A group of students and researchers in North Carolina have come up with a remarkably good idea for reducing costs and environmental impact for road construction: paving roads with swine manure.
Thankfully, the process that the entrepreneurs at North Carolina A&T State University have devised isn't quite as simple as spreading pig poop on the ground and waiting for it to harden. Their process, reports Scientific American, includes a combination of heat, anoxic water solution, and, of course, pig poop, in an effort to pave new roads without using any petroleum-based products. Applying substantial pressure helps harden the newfound asphalt.
In essence, the process turns feces into an adhesive that falls under the bio oil category; that is, a petroleum replacement that is entirely natural. Using animal byproducts is not a new thing. Ask any horse what they fear most and they'll point toward Elmer's Glue. Yet the difference here is that pig poop is a natural byproduct, something obviously impossible to avoid. And difficult to dispose of.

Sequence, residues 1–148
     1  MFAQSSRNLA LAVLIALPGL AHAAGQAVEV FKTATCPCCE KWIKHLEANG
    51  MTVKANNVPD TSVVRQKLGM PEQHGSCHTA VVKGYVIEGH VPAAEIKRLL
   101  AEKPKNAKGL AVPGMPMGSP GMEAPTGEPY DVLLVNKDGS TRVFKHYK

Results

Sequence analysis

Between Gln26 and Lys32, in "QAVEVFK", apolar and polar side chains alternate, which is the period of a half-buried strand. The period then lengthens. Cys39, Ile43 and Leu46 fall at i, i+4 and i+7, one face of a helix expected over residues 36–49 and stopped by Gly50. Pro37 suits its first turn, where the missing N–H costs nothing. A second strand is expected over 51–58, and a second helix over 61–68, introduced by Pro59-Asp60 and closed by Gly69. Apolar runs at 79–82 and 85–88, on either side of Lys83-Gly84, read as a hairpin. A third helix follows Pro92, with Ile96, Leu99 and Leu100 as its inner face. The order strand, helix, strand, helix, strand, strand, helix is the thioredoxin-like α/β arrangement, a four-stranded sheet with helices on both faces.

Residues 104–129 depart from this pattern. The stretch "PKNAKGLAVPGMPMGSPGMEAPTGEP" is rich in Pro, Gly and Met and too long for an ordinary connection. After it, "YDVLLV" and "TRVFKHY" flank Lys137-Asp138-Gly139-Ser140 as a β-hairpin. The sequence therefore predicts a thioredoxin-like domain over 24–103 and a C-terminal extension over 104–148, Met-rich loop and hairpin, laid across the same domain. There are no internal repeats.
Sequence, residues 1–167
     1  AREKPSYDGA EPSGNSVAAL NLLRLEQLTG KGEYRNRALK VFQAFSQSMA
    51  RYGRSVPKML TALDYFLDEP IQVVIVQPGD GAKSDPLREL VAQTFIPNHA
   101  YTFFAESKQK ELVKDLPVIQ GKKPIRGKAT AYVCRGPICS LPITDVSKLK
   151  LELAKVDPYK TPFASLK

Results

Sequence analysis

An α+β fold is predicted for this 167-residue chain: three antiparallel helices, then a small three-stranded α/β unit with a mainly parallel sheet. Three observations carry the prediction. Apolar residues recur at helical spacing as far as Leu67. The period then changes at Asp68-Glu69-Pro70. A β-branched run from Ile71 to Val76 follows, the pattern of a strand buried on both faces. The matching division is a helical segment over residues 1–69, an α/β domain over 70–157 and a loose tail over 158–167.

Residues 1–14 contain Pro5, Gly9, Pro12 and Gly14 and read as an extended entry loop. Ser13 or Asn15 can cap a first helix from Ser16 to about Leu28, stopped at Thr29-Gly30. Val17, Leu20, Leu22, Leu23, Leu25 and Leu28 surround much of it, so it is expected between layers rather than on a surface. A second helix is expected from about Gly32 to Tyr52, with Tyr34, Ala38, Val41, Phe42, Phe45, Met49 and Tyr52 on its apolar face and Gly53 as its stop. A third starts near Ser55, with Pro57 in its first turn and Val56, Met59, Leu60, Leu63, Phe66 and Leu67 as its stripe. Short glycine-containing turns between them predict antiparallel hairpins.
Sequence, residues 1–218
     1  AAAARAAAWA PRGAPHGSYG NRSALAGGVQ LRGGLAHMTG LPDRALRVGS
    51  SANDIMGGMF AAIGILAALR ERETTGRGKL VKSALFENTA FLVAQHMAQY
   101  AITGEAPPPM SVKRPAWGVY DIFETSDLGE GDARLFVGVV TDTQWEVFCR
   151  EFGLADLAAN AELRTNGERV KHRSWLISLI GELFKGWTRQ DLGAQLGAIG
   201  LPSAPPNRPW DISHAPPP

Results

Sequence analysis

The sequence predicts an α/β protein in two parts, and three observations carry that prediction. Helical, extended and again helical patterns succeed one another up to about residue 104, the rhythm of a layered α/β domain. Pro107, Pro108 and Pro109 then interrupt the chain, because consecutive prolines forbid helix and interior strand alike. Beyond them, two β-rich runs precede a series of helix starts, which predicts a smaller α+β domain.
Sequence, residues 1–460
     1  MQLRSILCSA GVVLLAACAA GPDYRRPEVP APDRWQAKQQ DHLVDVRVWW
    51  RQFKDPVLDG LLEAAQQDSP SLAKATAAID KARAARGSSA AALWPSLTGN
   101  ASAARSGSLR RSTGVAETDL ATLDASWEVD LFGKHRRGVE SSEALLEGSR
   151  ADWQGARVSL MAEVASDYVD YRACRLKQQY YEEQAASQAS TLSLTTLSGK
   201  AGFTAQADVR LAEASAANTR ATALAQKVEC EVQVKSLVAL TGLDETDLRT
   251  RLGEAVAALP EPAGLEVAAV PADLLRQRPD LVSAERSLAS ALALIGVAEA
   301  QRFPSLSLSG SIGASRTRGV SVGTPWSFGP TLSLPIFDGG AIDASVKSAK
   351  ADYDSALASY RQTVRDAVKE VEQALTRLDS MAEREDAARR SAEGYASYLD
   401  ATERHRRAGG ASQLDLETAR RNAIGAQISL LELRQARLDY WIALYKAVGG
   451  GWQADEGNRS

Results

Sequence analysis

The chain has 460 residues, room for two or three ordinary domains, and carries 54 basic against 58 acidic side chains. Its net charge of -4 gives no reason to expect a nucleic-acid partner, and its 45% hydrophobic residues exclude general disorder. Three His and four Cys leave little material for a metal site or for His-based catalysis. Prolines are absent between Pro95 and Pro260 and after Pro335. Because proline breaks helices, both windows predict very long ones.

According to the magazine, the North Carolina team is hoping to build a pilot plant near the university's Greensboro campus.
After all, there's nothing like that fresh asphalt smell.